the two paths
Recently, a friend linked in a forum signature to Master Foo Discourses on the Two Paths. I’ve been thinking about this one a great deal recently. While the entire Master Foo koans collection is meant to be funny, I think that it speaks volumes just how much reality there is in some of the tales.
I can say that I personally would consider myself to follow the Zen of Brutality. This has a great deal to do with my current occupation, where we jokingly refer to ourselves as “firefighters.” In essence, my job is to fix problems with industrial programming. When I am called out, I come up with the quickest answer to correct errors and bugs that only appeared after being implemented. The expectation is that whatever issue is there needs to be corrected as soon as possible so that normal functionality can resume. Not all of my answers are elegant, and oftentimes I’ll get something to the point of operation long before coming up with a solution that serves to perform the original function in a error-free manner. Much of what I do is the software equivalent of duct tape.
I carry this basic concept into everything that I do.
As an example of the two paths, I can think of a really clear example. Xaos52 (who has commented previously on some of my blog posts) and I both have weather forecasts to terminal output scripts. His is a wonderfully complex and well implemented bash script. Mine is one line tied to an alias that dumps output from w3m to stdout and pipes to grep using regexs to filter out the lines of data I want.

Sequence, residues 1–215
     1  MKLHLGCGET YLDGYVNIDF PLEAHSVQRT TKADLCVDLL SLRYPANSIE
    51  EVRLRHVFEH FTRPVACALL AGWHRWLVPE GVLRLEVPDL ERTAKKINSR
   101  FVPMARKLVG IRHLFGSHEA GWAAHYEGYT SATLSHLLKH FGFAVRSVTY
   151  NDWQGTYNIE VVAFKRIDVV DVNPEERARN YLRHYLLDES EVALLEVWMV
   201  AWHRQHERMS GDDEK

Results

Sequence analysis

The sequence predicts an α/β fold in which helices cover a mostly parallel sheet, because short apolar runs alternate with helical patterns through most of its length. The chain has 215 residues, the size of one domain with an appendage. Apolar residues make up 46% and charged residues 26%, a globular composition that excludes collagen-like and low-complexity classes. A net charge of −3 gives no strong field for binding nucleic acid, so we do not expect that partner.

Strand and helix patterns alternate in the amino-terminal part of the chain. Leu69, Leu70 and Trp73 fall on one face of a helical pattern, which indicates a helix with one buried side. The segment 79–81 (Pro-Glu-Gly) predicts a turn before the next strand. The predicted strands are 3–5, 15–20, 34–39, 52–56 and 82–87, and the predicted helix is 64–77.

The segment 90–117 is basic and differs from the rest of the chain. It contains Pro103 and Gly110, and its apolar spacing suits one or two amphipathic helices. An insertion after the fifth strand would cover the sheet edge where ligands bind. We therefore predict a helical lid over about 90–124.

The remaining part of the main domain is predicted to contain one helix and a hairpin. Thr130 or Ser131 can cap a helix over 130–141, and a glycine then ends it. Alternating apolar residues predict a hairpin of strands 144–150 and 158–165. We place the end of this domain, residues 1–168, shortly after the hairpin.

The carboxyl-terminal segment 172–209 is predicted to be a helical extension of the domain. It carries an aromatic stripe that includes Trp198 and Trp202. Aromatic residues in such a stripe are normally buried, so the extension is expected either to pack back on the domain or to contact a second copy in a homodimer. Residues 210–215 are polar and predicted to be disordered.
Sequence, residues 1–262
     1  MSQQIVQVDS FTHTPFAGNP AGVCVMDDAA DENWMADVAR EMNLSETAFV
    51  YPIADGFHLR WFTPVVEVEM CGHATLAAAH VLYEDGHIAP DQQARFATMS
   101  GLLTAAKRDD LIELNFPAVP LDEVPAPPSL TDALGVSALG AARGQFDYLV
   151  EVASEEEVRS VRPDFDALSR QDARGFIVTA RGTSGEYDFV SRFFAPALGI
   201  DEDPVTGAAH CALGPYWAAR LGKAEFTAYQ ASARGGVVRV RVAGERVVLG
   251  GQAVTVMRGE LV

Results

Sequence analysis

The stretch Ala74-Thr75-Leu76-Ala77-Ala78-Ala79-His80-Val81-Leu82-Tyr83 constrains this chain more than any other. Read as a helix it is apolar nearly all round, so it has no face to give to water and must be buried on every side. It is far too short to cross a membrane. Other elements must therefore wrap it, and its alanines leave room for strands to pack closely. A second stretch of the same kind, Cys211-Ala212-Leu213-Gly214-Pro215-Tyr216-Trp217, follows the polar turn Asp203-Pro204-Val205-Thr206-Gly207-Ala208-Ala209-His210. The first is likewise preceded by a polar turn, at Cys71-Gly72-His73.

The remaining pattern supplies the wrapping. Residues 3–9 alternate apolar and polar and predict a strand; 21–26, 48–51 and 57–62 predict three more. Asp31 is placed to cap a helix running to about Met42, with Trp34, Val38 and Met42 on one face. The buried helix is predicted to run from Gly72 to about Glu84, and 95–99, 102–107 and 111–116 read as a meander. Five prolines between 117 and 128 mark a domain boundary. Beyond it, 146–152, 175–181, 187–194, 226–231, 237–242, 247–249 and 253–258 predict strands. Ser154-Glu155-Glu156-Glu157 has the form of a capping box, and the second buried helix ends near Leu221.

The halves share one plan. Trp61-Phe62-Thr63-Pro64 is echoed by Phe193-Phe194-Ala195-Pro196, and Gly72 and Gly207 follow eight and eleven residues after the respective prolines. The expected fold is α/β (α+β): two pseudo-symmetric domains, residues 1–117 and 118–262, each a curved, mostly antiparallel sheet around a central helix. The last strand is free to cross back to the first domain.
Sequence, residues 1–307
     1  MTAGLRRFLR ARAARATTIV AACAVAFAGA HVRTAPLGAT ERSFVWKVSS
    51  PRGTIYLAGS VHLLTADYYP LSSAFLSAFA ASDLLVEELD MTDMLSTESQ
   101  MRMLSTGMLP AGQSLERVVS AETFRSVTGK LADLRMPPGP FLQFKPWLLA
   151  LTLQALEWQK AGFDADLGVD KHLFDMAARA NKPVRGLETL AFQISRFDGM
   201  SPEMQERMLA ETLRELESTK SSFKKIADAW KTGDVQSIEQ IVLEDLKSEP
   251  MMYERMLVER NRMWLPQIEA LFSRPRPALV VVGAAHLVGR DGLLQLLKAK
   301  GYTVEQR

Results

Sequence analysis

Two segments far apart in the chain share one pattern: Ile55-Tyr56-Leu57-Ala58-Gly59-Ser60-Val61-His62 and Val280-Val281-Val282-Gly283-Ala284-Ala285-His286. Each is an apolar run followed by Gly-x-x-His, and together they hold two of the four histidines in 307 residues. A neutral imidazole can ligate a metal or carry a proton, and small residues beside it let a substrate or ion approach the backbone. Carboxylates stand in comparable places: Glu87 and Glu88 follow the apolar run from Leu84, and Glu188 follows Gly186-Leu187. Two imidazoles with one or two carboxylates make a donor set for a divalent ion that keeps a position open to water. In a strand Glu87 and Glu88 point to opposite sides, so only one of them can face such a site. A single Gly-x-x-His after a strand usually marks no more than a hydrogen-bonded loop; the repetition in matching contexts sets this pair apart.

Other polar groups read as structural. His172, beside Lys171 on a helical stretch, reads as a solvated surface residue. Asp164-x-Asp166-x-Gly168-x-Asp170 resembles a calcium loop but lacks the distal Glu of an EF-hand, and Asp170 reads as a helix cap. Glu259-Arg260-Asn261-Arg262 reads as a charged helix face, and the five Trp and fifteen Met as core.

So which one is correct? Well, both of them to a certain degree. Whereas I’m pretty certain that Xaos’s script was created with other users in mind, mine was created so that I could get the day’s weather forecast without leaving my terminal. I never considered other users because I had no intention of anyone other than myself using it. Being a one-liner, it would be easy to modify for other purposes, but it only works if you have w3m and it has the location hard-coded into it. While you can do the same thing with elinks, or many other cli browsers, I don’t perform checks for all possible conditions because I know what I have installed. The complexity of the implementation is determined by the intended usage.
In the end, I believe that it’s important to try to make things as clean as possible and as simple as possible. Even the most complex programs should strive to remain clear and concise. Even the simplest programs should strive to be as capable as possible of not behaving erratically due to a mistype. The most important thing is to keep in mind is what your expectations are of the finished product. Never lose sight of the primary goal, and the rest should work itself out.